Every so often in life a "perfect storm" will blow up out of nowhere. For us, that was the other week , which just so happened to coincide with an unexpectedly "accelerated" release of two new pro model graphics. You know the ones. The Kirby-esque inspired designs for Max Murphy and Timothy Johnson that I've been carpet bombing all over our Instagram handles to the 200-odd followers who actually get them dropped into their feeds. Normally I would provide a direct link to them here for your purchasing ease, but at some point in the future those coded connections will "break" and that results in a negative ding to our website's overall performance score—its "health," if you will, according to Google Analytics. Being an overachiever at heart—although, sadly, not always in practice—I simply cannot let such things happen any longer; a bulletproof percentage grade on Google means much more to me than making your idle clicking life easier. But I'm no dummy. Chances are no one was ever going to click on those links anyway. Plus, our Playskool site isn't exactly on some labyrinthine level like that of the Overlook Hotel's hedge maze. So, go look on the home page. Or click on the boards tab. See, I'm not a total jerk.
Anyway, clearly there's never been any shame in my Parker Bros. Game of Life, so here's a bit of backstory as to how and why these graphics came to be: I was an avid reader and collector of comic books as a kid. Okay, a teen, too. And yeah, an adult as well. But the point is that right up until the very moment I walked into a skateboard shop my dream was to become a comic book artist. We even had an honest to god comic artist living in our town, Dennis Jensen, an inker for DC, who'd taken a few of us under his wing to mentor in weekly comic art classes. It was during this immersive experience that my friend Brad Overacker and I started our own little line of minicomics published under the moniker of Alien Phlebotomy Coalition, aka APC, that we traded and sold through an underground network of Xerox junkies, all of whom had US postage stamps on their tongues as opposed to monkeys on their backs.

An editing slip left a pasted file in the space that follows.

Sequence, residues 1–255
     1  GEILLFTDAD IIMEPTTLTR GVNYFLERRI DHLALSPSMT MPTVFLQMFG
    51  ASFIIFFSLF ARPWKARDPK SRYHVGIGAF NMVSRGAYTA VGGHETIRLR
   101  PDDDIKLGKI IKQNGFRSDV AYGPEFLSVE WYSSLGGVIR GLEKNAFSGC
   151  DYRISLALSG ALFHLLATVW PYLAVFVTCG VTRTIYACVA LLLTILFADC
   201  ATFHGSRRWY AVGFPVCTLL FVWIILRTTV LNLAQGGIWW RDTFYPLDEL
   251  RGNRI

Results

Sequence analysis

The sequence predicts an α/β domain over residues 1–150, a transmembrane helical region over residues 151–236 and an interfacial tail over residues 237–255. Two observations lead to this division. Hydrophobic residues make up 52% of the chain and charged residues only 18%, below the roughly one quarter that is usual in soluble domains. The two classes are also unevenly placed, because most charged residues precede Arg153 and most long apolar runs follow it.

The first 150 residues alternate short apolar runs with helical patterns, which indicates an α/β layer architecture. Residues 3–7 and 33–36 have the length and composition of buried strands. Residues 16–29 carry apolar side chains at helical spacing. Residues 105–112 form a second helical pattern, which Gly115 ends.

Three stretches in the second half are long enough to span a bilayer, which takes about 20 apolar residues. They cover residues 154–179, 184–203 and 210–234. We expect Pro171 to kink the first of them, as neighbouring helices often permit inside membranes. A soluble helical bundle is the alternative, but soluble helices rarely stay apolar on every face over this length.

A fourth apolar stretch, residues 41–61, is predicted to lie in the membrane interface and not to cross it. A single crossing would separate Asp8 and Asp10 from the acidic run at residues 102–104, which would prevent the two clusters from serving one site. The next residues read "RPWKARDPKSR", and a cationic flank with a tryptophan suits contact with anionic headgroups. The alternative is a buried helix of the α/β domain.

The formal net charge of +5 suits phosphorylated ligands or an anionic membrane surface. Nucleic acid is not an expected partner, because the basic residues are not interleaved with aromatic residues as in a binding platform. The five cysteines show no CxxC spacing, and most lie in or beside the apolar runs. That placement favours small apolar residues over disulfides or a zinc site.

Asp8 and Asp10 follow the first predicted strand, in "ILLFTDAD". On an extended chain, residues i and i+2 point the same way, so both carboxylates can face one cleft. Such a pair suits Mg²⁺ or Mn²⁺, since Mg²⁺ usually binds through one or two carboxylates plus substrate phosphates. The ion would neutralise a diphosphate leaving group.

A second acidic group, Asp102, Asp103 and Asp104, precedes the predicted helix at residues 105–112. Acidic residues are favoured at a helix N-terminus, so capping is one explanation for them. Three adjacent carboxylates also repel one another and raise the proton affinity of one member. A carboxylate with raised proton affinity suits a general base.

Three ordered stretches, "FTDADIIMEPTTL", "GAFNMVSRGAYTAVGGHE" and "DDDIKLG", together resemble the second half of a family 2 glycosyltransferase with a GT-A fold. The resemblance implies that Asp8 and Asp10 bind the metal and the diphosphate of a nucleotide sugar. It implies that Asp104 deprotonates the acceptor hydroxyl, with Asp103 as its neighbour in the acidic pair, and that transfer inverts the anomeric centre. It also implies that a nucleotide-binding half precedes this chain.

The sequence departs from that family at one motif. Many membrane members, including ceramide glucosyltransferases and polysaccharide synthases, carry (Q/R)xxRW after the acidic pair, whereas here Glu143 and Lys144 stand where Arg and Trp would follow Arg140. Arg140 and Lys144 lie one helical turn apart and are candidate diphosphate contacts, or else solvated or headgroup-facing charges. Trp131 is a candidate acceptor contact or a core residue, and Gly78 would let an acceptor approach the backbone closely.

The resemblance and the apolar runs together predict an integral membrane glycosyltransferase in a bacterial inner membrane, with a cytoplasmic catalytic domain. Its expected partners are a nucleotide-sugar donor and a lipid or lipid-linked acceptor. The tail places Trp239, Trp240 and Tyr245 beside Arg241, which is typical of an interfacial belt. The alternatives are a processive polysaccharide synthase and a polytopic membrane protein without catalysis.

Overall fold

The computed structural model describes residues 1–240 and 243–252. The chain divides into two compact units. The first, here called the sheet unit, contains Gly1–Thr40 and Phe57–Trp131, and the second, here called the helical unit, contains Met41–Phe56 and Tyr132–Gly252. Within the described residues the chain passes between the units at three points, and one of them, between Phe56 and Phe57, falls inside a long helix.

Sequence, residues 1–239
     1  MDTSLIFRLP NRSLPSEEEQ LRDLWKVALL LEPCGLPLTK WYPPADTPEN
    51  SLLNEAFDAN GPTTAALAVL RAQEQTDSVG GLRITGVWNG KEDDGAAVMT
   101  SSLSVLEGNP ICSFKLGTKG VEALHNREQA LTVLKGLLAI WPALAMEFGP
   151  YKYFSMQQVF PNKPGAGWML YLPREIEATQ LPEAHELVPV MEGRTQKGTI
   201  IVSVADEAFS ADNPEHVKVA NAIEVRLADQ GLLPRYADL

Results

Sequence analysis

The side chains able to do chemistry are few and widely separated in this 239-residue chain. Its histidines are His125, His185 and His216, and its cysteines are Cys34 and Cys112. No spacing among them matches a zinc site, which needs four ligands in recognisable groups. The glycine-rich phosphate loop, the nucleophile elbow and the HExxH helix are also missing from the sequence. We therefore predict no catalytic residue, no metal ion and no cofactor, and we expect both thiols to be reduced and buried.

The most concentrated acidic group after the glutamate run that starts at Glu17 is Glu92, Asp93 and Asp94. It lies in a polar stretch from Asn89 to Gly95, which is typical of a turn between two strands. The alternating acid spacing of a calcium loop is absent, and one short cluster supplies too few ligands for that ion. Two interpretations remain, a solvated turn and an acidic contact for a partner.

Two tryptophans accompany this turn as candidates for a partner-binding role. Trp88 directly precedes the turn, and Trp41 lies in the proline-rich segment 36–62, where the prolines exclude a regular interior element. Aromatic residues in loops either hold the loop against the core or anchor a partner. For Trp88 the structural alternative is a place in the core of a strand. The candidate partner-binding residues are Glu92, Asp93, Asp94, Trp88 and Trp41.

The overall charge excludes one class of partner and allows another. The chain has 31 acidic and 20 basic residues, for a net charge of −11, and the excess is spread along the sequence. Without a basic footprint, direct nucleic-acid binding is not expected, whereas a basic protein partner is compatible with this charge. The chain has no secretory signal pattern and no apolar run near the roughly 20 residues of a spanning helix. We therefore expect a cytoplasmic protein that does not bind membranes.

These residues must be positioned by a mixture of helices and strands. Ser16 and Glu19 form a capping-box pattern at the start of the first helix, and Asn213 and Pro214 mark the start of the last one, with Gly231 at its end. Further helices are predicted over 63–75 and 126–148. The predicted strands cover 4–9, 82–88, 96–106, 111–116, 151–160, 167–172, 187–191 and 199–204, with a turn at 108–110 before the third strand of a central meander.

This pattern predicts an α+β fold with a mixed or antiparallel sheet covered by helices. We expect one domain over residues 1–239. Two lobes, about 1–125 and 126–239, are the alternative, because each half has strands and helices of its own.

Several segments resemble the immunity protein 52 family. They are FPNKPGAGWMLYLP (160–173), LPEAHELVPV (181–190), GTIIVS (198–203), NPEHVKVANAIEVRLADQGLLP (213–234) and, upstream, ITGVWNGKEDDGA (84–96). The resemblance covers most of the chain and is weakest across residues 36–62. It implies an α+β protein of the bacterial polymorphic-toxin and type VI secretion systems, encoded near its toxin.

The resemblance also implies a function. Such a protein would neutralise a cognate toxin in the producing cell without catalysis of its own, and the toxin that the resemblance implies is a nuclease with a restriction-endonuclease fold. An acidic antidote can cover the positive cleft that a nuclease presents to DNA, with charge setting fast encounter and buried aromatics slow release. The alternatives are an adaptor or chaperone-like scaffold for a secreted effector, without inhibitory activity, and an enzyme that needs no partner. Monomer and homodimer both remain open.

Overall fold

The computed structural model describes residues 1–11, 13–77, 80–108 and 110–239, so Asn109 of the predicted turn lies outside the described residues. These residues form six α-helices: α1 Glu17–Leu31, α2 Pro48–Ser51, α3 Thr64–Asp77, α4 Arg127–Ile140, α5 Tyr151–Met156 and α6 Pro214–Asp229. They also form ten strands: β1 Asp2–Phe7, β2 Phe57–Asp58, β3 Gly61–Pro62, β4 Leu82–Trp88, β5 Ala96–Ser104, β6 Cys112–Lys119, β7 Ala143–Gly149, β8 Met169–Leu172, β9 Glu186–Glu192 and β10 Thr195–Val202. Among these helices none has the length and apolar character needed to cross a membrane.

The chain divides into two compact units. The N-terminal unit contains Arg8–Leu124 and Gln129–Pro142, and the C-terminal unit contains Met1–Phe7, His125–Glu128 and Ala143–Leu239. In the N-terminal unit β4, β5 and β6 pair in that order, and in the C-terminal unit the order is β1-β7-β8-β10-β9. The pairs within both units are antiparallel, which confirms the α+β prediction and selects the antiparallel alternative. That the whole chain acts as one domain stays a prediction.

If this is all starting to sound painfully familiar to you, that's because I've written about these minicomic escapades once before (you can find out more about these mortified moments here in case you're new to these obesely verbose posts), so instead of re-trampling over that graveyard of words I'll go off the deep end to ramble on about another source of consequential embarrassment from my youth: Brad's older brother Dean.
Dean Overacker was a motherfuckin' cool ass cat—an anomaly, really, growing up in a small town like ours in the '80s where one really had to "do the distance" to learn about (much less find) anything outside the mainstream norm of ball diamonds, gridirons, and hunting seasons. Dean dressed cool. He slung cool slang. He listened to cool music. He read all the cool comics. He made cool art. He drove a cool car. He had a cool girlfriend. And now, since I was best friends with Dean's younger brother Brad, my dad, a junior high teacher at the time, made it known to me in a subtle but stern manner that Dean was very much on the school system's radar, so to speak, as he was obviously grooving to a different beat than any of the other students passing under their collective wary eye. And by god did that make him all the more cool to me.